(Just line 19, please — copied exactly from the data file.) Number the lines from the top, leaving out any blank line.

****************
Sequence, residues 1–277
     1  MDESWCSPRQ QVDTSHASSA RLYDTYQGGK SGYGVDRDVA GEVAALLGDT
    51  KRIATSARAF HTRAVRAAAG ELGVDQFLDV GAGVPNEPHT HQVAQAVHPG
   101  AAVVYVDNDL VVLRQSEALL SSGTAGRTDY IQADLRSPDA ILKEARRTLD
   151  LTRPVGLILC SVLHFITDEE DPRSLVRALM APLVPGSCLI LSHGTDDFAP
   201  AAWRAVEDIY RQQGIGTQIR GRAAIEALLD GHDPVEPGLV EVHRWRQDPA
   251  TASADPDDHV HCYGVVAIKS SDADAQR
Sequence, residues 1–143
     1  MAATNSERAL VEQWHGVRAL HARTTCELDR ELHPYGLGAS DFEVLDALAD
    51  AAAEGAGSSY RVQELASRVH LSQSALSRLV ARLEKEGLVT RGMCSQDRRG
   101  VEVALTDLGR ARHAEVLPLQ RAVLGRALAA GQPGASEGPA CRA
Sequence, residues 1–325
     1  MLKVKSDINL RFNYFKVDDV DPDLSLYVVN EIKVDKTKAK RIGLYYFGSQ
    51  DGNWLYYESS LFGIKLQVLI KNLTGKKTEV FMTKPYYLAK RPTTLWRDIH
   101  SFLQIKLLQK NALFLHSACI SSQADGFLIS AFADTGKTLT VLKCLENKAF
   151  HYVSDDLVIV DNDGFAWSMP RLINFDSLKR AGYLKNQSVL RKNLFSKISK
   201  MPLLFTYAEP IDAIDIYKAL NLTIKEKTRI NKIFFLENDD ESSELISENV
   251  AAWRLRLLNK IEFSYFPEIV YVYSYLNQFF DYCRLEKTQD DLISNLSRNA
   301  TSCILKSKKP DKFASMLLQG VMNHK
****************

   301  TSCILKSKKP DKFASMLLQG VMNHK